Senate holds special session today on US$536.4m ETON Finance loan agreement
Amid heightened public concerns and debate about the official non disclosure of the “Sovereign Guarantee” demanded by financiers of the proposed Eton loan agreement, the Senate yesterday voted unanimously to convene a special session today, June 8, to deliberate on an engrossed Bill (#4) from the House of Representatives, requesting the Senate’s concurrence to ratify the US$536.4 million loan/financing agreement between Eton Finance Ltd. and Government of Liberia.
According to the motion proffered by Grand Kru County Senator Peter S. Coleman, the Senate agreed to constitute itself into a committee of the whole to deliberate on the agreement starting at 12p.m. today in the Chambers of the Senate.
On Tuesday, June 5, the House of Representatives passed the loan agreement with a vote of over 40 members. The vote took place a day after the Lower House conducted a public hearing in the Joint Chamber of the Legislature, considered by political commentators as a mere formality.
It can be recalled that President George Weah recently submitted the loan agreement to the Legislature and was immediately hit with many questions, mainly on the legitimacy and existence of Eton Finance LTE.
Amidst controversies, President Weah informed the lawmakers that the objective of this loan is to finance the coastal corridor connection of the country’s county capitals’ road project viz construction of the Buchanan-Cestos City-Barclayville Road, the Barclayville-Sasstown Road; the Barclayville-Pleebo Road; the Medina-Robertsport Road; the Tubmanburg-Bopolu Road.
According to the plan, also to be constructed are rest stops and roadside service areas; the construction of a vocational training center in Greenville, Sinoe County; the construction of mini soccer (football) stadiums in Harper, Maryland County, Barclayville, Grand Kru County; Greenville, Sinoe County; Cestos City, Rivercess County; Zwedru, Grand Gedeh County; Robertsport, Grand Cape Mount County; and Bopolu, Gbarpolu County.
President Weah informed the lawmakers that the principal amount of the loan is payable in 15 years by level payment at an interest rate of 1.46% per annum, with a seven-year interest-free and principal-free grace period.
The contractor of the Project, according to the communication, shall be the Joint Venture Consortium (JVC) comprising MAEIL, Liberia Construction Co., Ltd., a major Chinese Engineering, Procurement and Construction Company; and subcontractors comprising Liberian-owned and operated construction and engineering companies, all to be vetted and confirmed by the Ministry of Public Works (MPW) in respect of their technical capacities.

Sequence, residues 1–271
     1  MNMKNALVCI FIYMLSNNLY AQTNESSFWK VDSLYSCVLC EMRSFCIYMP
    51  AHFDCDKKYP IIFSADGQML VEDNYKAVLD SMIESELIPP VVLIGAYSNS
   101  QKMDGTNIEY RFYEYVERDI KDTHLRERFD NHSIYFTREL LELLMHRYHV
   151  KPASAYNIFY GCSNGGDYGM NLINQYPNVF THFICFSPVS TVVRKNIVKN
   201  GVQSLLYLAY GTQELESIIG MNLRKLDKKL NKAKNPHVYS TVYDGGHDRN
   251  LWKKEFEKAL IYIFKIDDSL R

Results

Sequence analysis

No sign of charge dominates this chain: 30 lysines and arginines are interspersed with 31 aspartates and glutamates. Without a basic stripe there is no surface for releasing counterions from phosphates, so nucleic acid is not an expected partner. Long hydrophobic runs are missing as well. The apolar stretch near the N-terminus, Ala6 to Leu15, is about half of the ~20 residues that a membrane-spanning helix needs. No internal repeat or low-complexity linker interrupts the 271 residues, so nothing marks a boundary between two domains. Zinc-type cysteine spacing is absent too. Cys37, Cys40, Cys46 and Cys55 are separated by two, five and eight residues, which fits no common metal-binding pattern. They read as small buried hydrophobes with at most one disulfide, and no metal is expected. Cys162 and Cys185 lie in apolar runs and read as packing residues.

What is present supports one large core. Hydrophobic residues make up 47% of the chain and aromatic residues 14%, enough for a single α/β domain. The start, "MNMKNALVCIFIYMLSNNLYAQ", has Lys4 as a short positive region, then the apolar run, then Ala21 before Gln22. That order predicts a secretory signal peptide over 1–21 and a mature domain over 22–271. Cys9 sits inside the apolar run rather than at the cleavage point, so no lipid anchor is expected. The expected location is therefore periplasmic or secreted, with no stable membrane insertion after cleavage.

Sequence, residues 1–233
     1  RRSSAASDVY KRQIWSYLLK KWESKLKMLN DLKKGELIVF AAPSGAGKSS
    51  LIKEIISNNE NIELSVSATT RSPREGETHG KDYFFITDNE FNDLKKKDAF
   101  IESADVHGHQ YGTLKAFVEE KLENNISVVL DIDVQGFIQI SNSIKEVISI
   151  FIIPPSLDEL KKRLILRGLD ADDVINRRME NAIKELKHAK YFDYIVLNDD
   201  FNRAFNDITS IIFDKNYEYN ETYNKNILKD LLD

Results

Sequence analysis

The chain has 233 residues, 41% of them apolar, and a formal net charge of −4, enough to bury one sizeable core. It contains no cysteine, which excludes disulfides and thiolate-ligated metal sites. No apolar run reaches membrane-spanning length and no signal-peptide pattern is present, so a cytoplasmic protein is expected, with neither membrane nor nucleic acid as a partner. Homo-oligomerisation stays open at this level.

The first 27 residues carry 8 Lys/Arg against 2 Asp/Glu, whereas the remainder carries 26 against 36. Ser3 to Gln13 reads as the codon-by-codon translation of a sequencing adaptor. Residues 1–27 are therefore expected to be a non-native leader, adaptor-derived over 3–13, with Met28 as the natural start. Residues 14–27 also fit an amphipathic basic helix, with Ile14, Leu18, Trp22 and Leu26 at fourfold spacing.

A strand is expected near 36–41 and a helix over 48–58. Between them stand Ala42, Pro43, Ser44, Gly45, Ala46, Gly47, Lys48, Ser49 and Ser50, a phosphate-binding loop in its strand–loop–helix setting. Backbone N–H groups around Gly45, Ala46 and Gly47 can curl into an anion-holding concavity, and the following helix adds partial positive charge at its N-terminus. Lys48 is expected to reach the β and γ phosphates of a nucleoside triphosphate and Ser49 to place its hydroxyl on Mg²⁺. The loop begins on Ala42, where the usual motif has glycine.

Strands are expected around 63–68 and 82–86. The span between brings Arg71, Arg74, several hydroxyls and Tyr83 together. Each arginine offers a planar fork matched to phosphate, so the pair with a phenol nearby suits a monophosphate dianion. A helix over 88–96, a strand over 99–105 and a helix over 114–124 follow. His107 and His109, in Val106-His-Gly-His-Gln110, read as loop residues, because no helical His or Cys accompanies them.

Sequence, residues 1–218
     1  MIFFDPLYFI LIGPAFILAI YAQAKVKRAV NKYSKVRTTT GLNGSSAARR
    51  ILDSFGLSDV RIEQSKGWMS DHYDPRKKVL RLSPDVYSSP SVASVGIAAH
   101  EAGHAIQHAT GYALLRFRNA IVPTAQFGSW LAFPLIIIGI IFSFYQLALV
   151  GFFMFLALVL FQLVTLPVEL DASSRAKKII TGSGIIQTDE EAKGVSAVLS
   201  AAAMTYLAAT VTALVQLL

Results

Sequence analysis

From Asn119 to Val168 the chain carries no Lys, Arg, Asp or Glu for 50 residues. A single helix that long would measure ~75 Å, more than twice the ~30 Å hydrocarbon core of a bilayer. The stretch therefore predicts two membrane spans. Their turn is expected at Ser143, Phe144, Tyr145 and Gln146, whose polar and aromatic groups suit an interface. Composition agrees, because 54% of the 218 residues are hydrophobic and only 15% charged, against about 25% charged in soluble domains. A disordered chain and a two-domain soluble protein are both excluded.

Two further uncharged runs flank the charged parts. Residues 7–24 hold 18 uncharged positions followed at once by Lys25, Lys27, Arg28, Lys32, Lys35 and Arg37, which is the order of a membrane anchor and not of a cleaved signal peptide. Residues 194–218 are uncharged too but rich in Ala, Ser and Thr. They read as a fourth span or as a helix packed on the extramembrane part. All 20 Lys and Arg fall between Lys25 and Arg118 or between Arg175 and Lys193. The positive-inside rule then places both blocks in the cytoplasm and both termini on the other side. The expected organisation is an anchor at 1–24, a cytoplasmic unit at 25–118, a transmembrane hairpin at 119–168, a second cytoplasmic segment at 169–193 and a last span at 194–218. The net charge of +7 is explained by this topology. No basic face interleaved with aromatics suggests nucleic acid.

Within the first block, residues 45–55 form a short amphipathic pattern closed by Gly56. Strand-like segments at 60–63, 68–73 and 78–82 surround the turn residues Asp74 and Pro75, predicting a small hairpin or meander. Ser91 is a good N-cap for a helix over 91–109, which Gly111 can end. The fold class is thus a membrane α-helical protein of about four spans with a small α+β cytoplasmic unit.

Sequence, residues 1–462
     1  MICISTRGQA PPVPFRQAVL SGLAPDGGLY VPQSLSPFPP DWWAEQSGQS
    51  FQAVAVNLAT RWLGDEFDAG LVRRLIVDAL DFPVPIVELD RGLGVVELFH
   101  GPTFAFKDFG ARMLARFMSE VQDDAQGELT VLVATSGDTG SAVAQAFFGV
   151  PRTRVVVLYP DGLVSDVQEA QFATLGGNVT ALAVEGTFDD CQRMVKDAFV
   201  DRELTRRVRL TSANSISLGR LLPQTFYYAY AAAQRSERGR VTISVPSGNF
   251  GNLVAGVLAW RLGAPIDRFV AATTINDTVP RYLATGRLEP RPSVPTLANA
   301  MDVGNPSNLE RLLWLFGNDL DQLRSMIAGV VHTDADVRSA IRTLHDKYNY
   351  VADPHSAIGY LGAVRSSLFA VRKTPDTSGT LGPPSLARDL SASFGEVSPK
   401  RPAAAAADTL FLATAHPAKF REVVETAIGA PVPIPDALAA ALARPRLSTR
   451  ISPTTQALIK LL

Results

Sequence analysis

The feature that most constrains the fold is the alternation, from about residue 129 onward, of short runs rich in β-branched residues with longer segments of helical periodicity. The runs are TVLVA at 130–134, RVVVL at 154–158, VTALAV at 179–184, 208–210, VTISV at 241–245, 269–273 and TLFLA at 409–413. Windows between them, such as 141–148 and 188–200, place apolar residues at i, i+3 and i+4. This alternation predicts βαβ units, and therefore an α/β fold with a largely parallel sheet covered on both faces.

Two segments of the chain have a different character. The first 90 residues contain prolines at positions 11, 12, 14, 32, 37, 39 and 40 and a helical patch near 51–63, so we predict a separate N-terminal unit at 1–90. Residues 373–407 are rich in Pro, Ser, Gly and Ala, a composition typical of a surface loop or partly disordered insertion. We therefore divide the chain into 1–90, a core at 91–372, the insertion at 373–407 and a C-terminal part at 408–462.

In another development, the Senate went into Executive session yesterday to deliberate on two resolutions sent from the House of Representatives. The first resolution is known as “A joint Resolution (Leg-003/2018) of the Senate and House of Representatives of the 54th Legislature on Article 37 of the 1986 Constitution for the purpose of postponing the May 8, 2018, Senatorial by-elections in Montserrado and Bong counties.”
The other resolution, for which the Senate went into executive session, involves a joint resolution on the extension of the 2018 census.
Meanwhile concerns about the kind of sovereign guarantee requirement demanded by the creditors have remained unanswered by the Ministry of Finance, the Central Bank of Liberia as well as the Legislature which approved the loan.
The apparent refusal of these institutions have led to public speculations that the money being provided is actually drug money, portion of which the source stated may have probably been used to pay hush-hush and signature fees to the Legislators for the passage of the loan agreement into law.
This is why, according to a source with links to the Financial Intelligence Unit, government officials are refusing to disclose the kind of sovereign guarantee being requested by the lenders.
Further, according to the source, the Eton Finance company does not have a Dunn and Bradstreet rating which makes it difficult to ascertain the financial standing of the lending company.
The Dun & Bradstreet (D&B) ratings are like credit scores for businesses, giving vendors, consumers and partner businesses a snapshot of the creditworthiness of a business.
A D&B report compiles available business data to measure the creditworthiness of a company. D&B reports are like personal credit reports for businesses and are issued by the credit reporting agency Dun & Bradstreet. Companies typically check a D&B report when negotiating payment terms and lenders will also sometimes check when assessing a business borrower.
The source further points out the fact that the lending institutions do not have a Dun and Brad rating suggests that the money could very well be drug money which its providers are attempting to launder under the purported loan scheme.
This view, according to sources, is strengthened by the apparent refusal of the Minister of Finance and the Legislature to provide details about the kind and value of the “Sovereign Guarantee” it is offering to the lenders, virtually unknown and unrecognized in the world of legitimate finance.